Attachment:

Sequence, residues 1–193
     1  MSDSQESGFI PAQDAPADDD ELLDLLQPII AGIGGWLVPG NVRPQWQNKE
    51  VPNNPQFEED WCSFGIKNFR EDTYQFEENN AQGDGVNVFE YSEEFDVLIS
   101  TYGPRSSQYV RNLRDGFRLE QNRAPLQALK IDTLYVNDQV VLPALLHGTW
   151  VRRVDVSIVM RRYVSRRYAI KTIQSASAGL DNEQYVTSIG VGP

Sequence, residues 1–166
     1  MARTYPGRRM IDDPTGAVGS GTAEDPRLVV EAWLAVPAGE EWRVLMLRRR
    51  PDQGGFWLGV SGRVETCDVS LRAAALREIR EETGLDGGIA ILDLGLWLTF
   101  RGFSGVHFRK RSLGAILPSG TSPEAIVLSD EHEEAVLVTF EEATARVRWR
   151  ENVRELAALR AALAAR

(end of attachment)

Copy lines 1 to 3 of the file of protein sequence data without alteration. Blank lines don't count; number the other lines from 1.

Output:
Sequence, residues 1–193
     1  MSDSQESGFI PAQDAPADDD ELLDLLQPII AGIGGWLVPG NVRPQWQNKE
    51  VPNNPQFEED WCSFGIKNFR EDTYQFEENN AQGDGVNVFE YSEEFDVLIS